Scott Brown sure did talk a great game about being Mr. Bipartisan, didn’t he? But if you stop to think about it, he was a remarkably ineffective Senator. His widely-noticed penchant for waiting until the last possible second to make up his mind on anything deprived him of the ability to have much significant influence on important legislation. Perhaps the exception to that is the Dodd-Frank bill, which he voted for only after weakening it for the benefit of some of the biggest financial institutions around. Well, bravo.
And the piece of legislation that Brown seems to have been most proud of, the so-called STOCK Act, was feel-good legislation that allows Congress to pat itself on the back for preventing itself from behaving badly. It wasn’t harmful, but it didn’t create a single job or help a single Massachusetts person in need.
Compare that to Senator Elizabeth Warren’s early track record. Of course, she has already made national headlines for her aggressive questioning of bank regulators (including some within the Obama administration) and of folks opposed to raising the minimum wage (some videos of those hearings have become YouTube sensations garnering hundreds of thousands of views; one has almost hit a million). But you know what else she’s done? She did this (email, no link):
The U.S. Senate today passed a bipartisan amendment introduced by Senator Elizabeth Warren (D-MA) and Senator Lisa Murkowski (R-AK) to help provide critical disaster relief funds for fishermen. The amendment was the first introduced and passed by Senator Warren since she took office in January.
Co-sponsors include Senators William “Mo” Cowan (D-MA), Mark Begich (D-AK), Charles Schumer (D-NY), Kirsten Gillibrand (D-NY), Jack Reed (D-RI), Sheldon Whitehouse (D-RI), Jeanne Shaheen (D-NH), Kelly Ayotte (R-NH), Susan Collins (R-ME), Angus King (I-ME), Thad Cochran (R-MS), Roger Wicker (R-MS), and Maria Cantwell (D-WA).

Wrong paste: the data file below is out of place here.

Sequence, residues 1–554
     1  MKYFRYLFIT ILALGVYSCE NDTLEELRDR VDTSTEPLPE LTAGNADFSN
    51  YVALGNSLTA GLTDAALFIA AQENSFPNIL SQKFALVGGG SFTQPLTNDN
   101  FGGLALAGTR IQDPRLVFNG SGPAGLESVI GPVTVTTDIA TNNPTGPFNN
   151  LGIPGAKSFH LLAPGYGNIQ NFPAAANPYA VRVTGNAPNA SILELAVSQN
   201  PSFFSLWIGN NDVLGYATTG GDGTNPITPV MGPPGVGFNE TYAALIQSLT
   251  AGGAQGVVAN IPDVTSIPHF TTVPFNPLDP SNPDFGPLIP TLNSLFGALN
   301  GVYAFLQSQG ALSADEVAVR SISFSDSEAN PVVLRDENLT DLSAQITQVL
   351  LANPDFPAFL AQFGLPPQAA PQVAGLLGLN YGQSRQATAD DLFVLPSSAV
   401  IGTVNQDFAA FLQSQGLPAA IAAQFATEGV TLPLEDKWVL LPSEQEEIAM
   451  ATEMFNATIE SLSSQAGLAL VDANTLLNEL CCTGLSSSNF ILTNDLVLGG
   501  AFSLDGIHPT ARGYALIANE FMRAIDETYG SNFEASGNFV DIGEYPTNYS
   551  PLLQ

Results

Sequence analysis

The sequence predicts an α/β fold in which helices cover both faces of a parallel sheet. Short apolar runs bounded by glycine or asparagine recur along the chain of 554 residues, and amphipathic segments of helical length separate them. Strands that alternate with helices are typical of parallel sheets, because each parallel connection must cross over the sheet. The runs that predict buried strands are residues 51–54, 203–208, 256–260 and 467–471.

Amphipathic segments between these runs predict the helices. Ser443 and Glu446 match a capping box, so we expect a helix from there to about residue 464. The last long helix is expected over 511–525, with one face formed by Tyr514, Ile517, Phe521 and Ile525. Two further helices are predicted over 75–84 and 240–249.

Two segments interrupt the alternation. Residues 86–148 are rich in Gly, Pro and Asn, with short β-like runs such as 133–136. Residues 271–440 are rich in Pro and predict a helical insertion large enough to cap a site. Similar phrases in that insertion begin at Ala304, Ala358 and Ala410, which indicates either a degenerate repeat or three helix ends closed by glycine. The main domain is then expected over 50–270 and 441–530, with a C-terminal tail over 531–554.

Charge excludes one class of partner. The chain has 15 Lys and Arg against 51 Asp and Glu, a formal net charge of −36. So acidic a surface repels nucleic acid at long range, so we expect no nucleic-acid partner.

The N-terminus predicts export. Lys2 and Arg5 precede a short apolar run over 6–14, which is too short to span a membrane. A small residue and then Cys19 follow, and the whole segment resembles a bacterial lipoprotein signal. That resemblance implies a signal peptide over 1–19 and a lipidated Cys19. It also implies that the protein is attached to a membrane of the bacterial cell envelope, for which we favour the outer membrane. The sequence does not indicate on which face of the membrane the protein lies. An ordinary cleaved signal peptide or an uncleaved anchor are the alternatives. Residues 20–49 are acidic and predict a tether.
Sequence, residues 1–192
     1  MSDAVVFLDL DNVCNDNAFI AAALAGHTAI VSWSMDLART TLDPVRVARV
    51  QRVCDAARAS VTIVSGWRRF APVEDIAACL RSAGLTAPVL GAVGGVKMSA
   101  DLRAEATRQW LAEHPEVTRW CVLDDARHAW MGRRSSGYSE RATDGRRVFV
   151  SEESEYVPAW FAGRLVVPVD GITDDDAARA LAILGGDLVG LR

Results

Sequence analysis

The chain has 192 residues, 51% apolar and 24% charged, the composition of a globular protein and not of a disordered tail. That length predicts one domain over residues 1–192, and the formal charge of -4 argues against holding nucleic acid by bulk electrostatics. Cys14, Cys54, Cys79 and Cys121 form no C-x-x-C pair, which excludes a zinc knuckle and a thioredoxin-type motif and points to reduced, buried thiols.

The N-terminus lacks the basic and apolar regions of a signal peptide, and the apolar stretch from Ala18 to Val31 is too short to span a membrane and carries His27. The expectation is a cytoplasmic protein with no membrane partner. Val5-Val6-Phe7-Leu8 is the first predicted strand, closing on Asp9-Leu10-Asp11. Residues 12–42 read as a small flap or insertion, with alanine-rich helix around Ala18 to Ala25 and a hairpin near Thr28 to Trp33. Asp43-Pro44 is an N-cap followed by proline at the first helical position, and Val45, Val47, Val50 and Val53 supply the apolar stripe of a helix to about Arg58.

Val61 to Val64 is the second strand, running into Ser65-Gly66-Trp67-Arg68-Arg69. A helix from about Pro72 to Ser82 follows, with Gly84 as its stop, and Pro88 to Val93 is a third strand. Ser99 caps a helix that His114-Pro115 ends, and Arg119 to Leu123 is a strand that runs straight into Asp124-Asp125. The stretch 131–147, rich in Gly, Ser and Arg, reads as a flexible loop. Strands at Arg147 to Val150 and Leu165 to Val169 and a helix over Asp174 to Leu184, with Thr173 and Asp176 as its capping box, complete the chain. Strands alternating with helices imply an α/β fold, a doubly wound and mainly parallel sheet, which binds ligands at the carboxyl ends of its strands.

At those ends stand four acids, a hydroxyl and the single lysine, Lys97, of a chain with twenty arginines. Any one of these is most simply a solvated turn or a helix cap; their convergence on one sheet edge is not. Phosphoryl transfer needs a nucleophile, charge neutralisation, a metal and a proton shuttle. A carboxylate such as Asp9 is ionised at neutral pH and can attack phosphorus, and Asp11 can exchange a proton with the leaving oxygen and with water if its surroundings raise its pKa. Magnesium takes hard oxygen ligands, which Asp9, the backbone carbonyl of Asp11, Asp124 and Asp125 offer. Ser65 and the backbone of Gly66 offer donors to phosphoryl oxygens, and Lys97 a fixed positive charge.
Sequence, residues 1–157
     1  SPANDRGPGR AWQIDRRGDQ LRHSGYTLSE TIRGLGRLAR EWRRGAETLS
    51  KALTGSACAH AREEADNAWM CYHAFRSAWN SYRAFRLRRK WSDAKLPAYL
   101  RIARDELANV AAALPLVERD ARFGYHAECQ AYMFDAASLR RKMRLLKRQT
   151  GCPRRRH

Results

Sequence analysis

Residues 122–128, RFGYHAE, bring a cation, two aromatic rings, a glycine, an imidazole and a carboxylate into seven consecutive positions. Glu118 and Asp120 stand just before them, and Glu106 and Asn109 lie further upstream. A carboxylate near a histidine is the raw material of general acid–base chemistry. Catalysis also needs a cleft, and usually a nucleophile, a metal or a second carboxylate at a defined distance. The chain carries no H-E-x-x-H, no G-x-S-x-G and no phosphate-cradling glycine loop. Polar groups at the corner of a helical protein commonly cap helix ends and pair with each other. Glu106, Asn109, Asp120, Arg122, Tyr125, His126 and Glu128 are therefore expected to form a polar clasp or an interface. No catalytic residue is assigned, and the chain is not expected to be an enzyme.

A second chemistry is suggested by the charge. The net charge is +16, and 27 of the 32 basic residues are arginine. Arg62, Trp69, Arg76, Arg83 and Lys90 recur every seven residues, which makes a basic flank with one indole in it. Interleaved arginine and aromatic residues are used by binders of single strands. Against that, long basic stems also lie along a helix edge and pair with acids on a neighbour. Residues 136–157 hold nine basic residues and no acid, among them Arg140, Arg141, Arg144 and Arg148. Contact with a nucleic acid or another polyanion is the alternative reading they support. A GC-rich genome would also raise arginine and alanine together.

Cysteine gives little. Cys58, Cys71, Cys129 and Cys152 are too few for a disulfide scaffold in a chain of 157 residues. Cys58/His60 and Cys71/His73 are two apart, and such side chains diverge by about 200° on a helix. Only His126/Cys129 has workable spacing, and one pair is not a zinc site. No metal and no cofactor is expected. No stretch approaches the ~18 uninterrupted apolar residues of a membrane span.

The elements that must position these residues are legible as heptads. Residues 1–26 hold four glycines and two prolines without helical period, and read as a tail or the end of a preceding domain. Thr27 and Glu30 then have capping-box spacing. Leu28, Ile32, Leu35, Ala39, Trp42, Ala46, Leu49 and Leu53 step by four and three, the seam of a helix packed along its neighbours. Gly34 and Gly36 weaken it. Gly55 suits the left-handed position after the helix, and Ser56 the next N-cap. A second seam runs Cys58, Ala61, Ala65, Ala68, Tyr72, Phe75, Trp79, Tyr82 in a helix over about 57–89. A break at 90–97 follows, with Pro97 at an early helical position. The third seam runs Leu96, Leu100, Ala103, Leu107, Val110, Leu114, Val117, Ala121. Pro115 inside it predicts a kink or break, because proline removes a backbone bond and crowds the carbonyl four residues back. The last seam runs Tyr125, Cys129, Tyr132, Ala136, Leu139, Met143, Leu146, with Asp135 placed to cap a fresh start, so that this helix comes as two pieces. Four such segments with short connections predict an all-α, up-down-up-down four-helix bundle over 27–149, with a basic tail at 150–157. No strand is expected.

Senator Warren and Senator Murkowski merged two separate amendments to reach a bipartisan agreement that allows appropriations in the FY14 budget to be allocated to provide disaster assistance for fishermen. The funding would help support a response to the commercial fisheries failures declared by the Secretary of Commerce in 2012.
Lead sponsors: one Democrat (Warren) and one Republican. Co-sponsors: eight Democrats, four Republicans, one independent. And that’s an amendment that will (should it pass the House) bring desperately-needed relief to fishermen right here in Massachusetts. That’s exactly what our Senator should be doing.
Also, earlier this month, Warren joined forces with very conservative Senators Corker (R-TN) and Vitter (R-LA) (along with Mark Warner (D-VA)) to reform Fannie Mae and Freddie Mac.
Four Senators are crossing party lines to propose a GSE [government-sponsored enterprise] reform bill that would prevent the government from using guarantee-fee hikes at Fannie Mae and Freddie Mac to cover other spending initiatives.
The proposed legislation also would prohibit the sale of GSE-preferred shares owned by the Treasury without congressional approval and the completion of GSE reform first…. The initiative shows two of the more vocal housing critics — Sens. Warren and Corker — finding consensus on GSE reform across the aisle and taking a major step in trying to curb ‘the status quo’ at Fannie Mae and Freddie Mac….
“If Treasury were to decide to sell its preferred share investment without Congress having first reformed our housing sector, we would just be returning to a time where gains are for private shareholders and losses are for taxpayers,” said Corker.
“Neither of these is an acceptable outcome, so I’m very happy that Senators Warner, Vitter and Warren have joined me in this effort, and I hope Congress will take the necessary steps to ensure housing finance reform can happen as soon as possible,” Corker added.
Needless to say, fixing Fannie and Freddie and repairing the housing market is something that will actually help people throughout the country.
Good policy isn’t necessarily bipartisan, and bipartisan policy isn’t necessarily good. People like Scott Brown who talk about bipartisanship as an end in itself (if I only had a nickel for every time Scott Brown repeated that study claiming that he was the second most bipartisan Senator) misunderstand this fact – and, to be fair to Brown, he is hardly alone in this, since bipartisanship for its own sake is very popular among prominent local and national members of the chattering class.
Last November, Massachusetts voters had a choice between electing someone who talked about bipartisanship for its own sake rather than being in the service of getting something useful done, and someone with a clear vision of what needed to get done and was willing to work with whoever would care to join her in helping make it happen. They chose the latter, and it’s working out well so far. Well done, Massachusetts.